Dr. Andrew Weil’s Tips: 10 Foods for Healthy Blood Sugar Levels
To keep blood sugar levels stable, regular exercise is helpful - but a healthy diet is a must.
Add these foods to your diet, as they may help lower blood sugar levels.
- Green, leafy vegetables. Broccoli, spinach, and kale are good sources of fiber - which helps regulate blood sugar levels - and are high in vitamins A, C, and K as well. Plus, some studies have shown that eating vegetables can help prevent diabetes, so aim for four to five servings per day.
- Beans and legumes. Beans of almost any variety as well as lentils are rich in folic acid, magnesium, potassium and soluble fiber - and are low-glycemic-load foods. Make sure you get one to two servings per day.
- Cabbage. A very low-glycemic index food (near zero!), cabbage is high in fiber, low in calories, inexpensive and versatile. It's especially useful for stabilizing blood-sugar levels because it converts to sugar very slowly in the body. Try eating more slaw, sauerkraut or kimchi.
- Okra. This southern staple is high in soluble fiber - which slows down the digestion of carbohydrates and can help stabilize blood sugar - and is also a low glycemic-index food. Try adding it to your next pot of soup.
- Onions. This kitchen staple is more than a tasty addition to many dishes - onions offer blood-sugar lowering effects.
- Maitake mushrooms. One of Dr. Weil's favorites, maitake not only contain compounds that enhance immune function, but in one study people with type 2 diabetes were given maitake along with diabetes medication, and the result was lower blood sugar readings. Cook some up and serve them as a side dish!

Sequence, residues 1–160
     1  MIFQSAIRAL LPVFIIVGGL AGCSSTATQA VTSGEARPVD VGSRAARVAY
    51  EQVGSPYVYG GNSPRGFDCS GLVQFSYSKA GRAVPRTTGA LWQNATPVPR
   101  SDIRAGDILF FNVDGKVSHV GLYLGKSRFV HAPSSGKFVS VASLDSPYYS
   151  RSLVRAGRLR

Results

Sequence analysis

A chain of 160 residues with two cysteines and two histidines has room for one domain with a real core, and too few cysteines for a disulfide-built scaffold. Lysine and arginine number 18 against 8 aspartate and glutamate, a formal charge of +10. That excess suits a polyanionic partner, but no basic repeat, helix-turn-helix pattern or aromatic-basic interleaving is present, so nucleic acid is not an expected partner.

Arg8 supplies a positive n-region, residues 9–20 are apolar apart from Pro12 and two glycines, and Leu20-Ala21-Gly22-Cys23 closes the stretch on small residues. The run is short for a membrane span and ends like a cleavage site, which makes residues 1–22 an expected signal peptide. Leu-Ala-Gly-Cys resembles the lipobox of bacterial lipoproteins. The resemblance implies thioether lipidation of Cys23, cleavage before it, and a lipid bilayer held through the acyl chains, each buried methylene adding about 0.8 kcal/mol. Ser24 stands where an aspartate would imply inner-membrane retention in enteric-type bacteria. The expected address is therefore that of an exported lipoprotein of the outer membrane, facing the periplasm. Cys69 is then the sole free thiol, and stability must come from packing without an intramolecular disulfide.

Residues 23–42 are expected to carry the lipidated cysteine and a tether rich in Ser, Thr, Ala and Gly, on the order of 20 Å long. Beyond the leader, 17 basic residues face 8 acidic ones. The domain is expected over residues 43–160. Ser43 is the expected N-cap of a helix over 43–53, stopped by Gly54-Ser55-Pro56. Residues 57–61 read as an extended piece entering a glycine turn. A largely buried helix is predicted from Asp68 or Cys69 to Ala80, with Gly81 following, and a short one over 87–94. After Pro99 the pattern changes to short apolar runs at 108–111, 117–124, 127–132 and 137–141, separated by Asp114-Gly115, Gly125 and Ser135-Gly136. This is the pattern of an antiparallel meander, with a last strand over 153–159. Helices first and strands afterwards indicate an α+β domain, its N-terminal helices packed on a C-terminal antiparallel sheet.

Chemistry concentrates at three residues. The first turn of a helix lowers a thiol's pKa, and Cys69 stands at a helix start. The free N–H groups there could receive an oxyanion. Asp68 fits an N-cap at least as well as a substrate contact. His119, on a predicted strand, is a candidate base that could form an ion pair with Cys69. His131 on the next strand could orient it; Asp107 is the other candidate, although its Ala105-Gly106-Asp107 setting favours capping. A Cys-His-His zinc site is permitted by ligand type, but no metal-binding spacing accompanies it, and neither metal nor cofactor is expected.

- Underground vegetables. Also known as "tubers," veggies such as leeks, potatoes and yams have been shown in studies to lower or return to normal high blood sugar levels.
- Brewer's yeast. Rich in essential amino acids and B vitamins, brewer's yeast may also lower blood sugar in people with type 2 diabetes, and may improve glucose tolerance, increase insulin sensitivity, and lower cholesterol as well. Shake some on your next batch of popped corn!
- Prickly pear. The green pads of this plant are called nopal, and is more than a staple in Mexican cuisine - it is very low on the glycemic index and may have blood-sugar-lowering effects. Look for it at specialty or ethnic grocers.
- Bitter melon. When cooked and added to other dishes, bitter melon will impart a unique flavor that may help glucose tolerance of people with type 2 diabetes, and help keep blood sugar levels in the normal range.
For more information, please see me at Norwell Athletic Club (NAC).
Yours in Health,
Owner of Simplify Holistic Nutrition